Thinking Scotland? Think donuts! Join Moe’s Donuts on Saturday, July 16 in Look Park for the 23rd Annual Glasgow Lands Scottish Festival! Bring the family and friends for a day of fun, music and sport – and of course, a variety of tasty treats including our indescribable signature donuts!
Now we know what you’re saying: “What exactly is the connection between poaching in the King’s Forest, Rob Roy, a 19th century New England ship’s captain, the hole in the donut and that dapper guy slinging batter under the Moe’s Donuts tent?” Read on as we connect the dots that bring clarity to this murky bit of donut history.
The Clan Gregor
The Clan Gregor were descended from the ancient Celtic royal family through the hereditary Abbots of Glendochart, a descent which is proclaimed in the motto, ‘S Rioghal Mo Dhream translated as “Royal is my Race.” Tradition holds that Gregor was the son of Kenneth MacAlpin, however he may have been Griogair, son of Dungal, who is said to have been a co-ruler of Alba, the kingdom north of Central Scotland, between AD 879 and 889. In 1589 John Drummond, the King’s forester, was murdered after hanging some MacGregors for poaching. The Chief, Alasdair MacGregor of Glenstrae, took responsibility for the act and was condemned by the Privy Council. King James VI, issued an edict proclaiming the name MacGregor “altogidder abolished,” meaning that those who bore the name must renounce it or suffer death. A translation of the Scottish Parliament in 1617 doesn’t pull any punches:
It was ordained that the name of MacGregor should be abolished and that the whole persons of that name should renounce their name and take some other name and that they nor none of their name and that they nor none of their posterity should call themselves Gregor or MacGregor under pain of death …. that any person or persons of the said clan who has already renounced their names or hereafter shall renounce their names or if any of their children or posterity shall at any time hereafter assume or take to themselves the name of Gregor or MacGregor …. that every such person or persons assuming or taking to themselves the said name …. shall incurr the pain of death which pain shall be executed upon them without favour.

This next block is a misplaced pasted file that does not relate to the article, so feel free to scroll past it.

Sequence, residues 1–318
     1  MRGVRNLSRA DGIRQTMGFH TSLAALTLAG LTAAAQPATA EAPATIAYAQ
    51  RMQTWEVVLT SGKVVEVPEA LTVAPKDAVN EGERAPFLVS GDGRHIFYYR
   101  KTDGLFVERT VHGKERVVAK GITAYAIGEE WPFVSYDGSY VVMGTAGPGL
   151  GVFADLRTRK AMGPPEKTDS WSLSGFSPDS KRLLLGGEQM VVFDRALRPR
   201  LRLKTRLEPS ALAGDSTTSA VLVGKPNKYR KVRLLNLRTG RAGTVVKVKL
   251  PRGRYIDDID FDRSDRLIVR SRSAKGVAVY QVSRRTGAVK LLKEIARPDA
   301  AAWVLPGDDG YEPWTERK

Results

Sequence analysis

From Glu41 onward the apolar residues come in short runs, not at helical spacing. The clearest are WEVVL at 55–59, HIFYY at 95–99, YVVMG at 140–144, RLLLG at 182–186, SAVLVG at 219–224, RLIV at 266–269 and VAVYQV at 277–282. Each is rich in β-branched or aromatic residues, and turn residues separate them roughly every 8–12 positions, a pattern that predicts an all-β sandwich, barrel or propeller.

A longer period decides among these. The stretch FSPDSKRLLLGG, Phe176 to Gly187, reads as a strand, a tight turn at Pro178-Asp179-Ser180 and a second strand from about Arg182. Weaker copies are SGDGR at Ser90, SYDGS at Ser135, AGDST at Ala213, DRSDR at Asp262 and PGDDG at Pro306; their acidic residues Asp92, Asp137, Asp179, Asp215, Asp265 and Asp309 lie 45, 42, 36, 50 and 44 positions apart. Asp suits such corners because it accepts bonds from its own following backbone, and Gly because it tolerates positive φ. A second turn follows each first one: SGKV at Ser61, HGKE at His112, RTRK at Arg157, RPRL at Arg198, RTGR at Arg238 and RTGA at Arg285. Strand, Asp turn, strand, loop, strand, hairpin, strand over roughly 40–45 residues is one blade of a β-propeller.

The Legend of Rob Roy
Robert Roy MacGregor, (March 7, 1671 – December 28, 1734) more commonly known as just “Rob Roy”, was a famous Scottish folk hero and outlaw of the early 18th century. Having been forced to take his mother’s name “Campbell”, Rob Roy was a humble cattleman until times turned and he engaged in years of plundering and looting and being a general pain in the backside of the government. He died in 1734, and in 1774 the proscription against the Clan Gregor was repealed. The name of MacGregor, Gregory and other variations could now be borne without pain of death.
Captain Hanson Gregory and the Stormy Seas
Although “donut anthropology” is not an exact science, history tells us that in the mid 1800’s donuts did not exist in the form of which we are accustomed. Rather, they were slabs, balls or discs of various blobs of fried breads and dough. Clan Gregor descendant and New Englander Elizabeth Gregory used cinnamon and other spices from her son Hanson’s merchant ship to create an incredible fried dough that he would then take on his voyages. Since Elizabeth was concerned about the dough not cooking all the way through, she would pack the center with nuts…”dough-nuts”! We see what you did there, Elizabeth. Anyhow, it seems that Hanson one-upped his Mom and although details tend to be sketchy, Captain Gregory devised an ingenious plan to keep his Mom’s pastries from cooking through, not scattering and also be able to keep his hands on the ship’s wheel during storms – he used a tin pepper box lid to cut a hole in the middle of the “dough-nut”, a functional alteration that defines the donut to this day.
The Moe’s Donuts Connection
So now we have gone from the clan Gregor to persecution, rebellion, survival and the innovations of an intrepid sailor in the mid-1800’s. A short 150 years or so later, you find yourself drawn by the aroma of a fresh-cooked cider donut to an unassuming canopy at a local fair, where Moe is ready to set you up with some of these incredible treats. As she puts your order together take a look back at the guy out back cooking and there you have the son of Dorcas MacGregory. We are proud of our heritage and even more proud to offer our customers a donut that represents this noble history.